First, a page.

• Louise Mason

Let your fingers do the walking

Updated: Dec 11, 2020


Finger labyrinths have been around for some time, but this year they have come into their own (along with ZOOM!) and have become the perfect go-to tool for all kinds of purposes and benefits. So while it’s often been difficult to get out onto an outdoor or indoor walking labyrinth (and I don’t need to elaborate on the reasons!) the scaled-down finger labyrinth has offered an invaluable alternative. Not only that, ZOOM technology has made finger labyrinth group walks and workshops a reality.

Initially, I sat down to do some mindful drawing today – having excitedly signed up for an online course. And just as I gathered the necessary tools, found the ideal spot to settle into and make a start, I found myself drawn to one of my finger labyrinths (I have a few!) and subsequently writing a blog instead. I generally listen to my body! So what exactly have finger labyrinths got going for them? Try this for starters:

  • they’re portable and so you can create favourite spaces to “walk” them

  • they’re instant, accessible, at hand when you need one

  • can be personalised using favourite colours, textures, materials

  • are easy to make with minimal materials, but you can also get really complex and creative, eg check out this Pinterest page

  • there are lots of design choices for the walking path

  • no one is going to judge your efforts


Using Finger Labyrinths with Students


In addition to being a great personal and professional support for you (more about that later), they are perfect for individual use with students, small groups or whole classes within the social-emotional learning program of the school. Initially they can be introduced as a calming, de-stressing mindful activity at the start of the day, between lessons, or after breaks. When students recognise and experience the benefits they seek out finger labyrinths of their own volition. Classroom culture needs to support this, of course, like having a safe, dedicated space that students can access. Teachers are reporting that finger labyrinths have been particularly successful with ADHD students who return to class with a calmer, more willing approach to participate in activities.


Introducing Finger Labyrinths



One way to introduce an individual student, group or whole class to finger labyrinths is to download and print a variety of designs and explore the different forms. Invariably, there will be preferences. Once choices have been made, start with some calming breaths. Allow them to trace along the path to the centre, pause there, and retrace the path back to the start. Ask what it was like for them. With individuals a discussion can take place. For a group or whole class it could be more appropriate to invite them to draw an image, or symbol, or write a word that came to them while they were walking or at the end of their walk. There are no right or wrong responses here, and responding should be left open-ended. No response is also a response. Some like to circle the perimeter several times before starting their walk, or at the end. All kinds of preferences emerge, and different things on different days. Be a learner with your students!



Benefits of Using Finger Labyrinths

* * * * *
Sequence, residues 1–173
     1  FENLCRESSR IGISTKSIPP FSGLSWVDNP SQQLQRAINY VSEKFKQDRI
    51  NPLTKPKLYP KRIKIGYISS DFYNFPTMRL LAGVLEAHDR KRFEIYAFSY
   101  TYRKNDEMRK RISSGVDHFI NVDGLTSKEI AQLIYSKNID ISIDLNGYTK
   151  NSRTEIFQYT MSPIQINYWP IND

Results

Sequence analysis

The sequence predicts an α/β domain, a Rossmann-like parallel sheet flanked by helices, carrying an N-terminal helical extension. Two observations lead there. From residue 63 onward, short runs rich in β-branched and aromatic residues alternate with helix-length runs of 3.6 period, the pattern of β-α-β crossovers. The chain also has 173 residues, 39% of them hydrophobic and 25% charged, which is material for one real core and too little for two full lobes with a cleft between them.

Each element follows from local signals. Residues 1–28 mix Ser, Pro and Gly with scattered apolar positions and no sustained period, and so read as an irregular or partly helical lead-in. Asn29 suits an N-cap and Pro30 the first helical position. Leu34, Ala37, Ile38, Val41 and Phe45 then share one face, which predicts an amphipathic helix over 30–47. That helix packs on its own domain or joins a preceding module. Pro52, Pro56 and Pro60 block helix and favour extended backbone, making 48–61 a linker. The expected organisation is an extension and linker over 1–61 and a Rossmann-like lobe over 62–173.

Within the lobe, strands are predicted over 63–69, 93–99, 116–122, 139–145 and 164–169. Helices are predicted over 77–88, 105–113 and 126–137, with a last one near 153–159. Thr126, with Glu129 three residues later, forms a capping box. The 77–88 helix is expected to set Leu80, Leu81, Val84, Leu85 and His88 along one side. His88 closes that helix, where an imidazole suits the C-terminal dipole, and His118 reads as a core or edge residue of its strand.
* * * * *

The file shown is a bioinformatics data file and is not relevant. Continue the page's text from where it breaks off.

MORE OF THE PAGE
What are the benefits of walking finger labyrinths? Well, for adults and students alike, just like a full-scale walkable one, labyrinths can contribute to:

  • relaxation, and so aid in calming and de-stressing

  • increased focus

  • the practice of mindfulness

  • meditative and prayer practices

  • releasing tensions and concerns, worries or troubles

  • thinking about creative ideas

  • being thankful and grateful

  • reflecting on situations, issues, conflict, professional practice



Using Finger Labyrinths with Staff


As a personal and professional development support for staff, make finger labyrinths available and create a quiet space for reflection (by the way, making finger labyrinths is a great staff workshop idea!) An excellent way of using finger labyrinths is in helping open up our inner wisdom when working through particular challenges, changes or issues, and walking with an open question, eg

  • how might I….?

  • in what ways could I…..?

  • how open am I to…..?

  • how ready am I to….?

  • what might I need to…?

Downloadable resources can be found on our enodatio Self Reflection Pathway page


Just as for students, creating a place of peace and tranquility for staff is hugely beneficial. Sitting with a buddy, side by side or facing, each with a finger labyrinth at the end of a rugged day, can work wonders! Another place I’ve found that works really well as a de-stressor is a passage or corridor (but not a busy thoroughfare) where a line of laminated A2-sized labyrinths are attached to the wall and are readily accessible in passing. Different designs have particular attractions at different times.

NB: the gorgeous colourful labyrinth posters shown in the main photo and throughout this blog post are a set of Adrian Kezele -designed Celestial Labyrinths featured here and available from High Castle publishers in Zagreb, Croatia - who can be contacted here

Labyrinths really are a tool for our times. Resources to answer your what, where, when, why and how questions can be found on enodatio Learning with Labyrinths, and facilitators to help with all-things-labyrinth can be sourced through our Contact page. Following our Facebook page will keep you up to speed on all the latest happenings, including an upcoming series of finger labyrinth workshops in January. Keep an eye out!

Labyrinth-fully yours,

Louise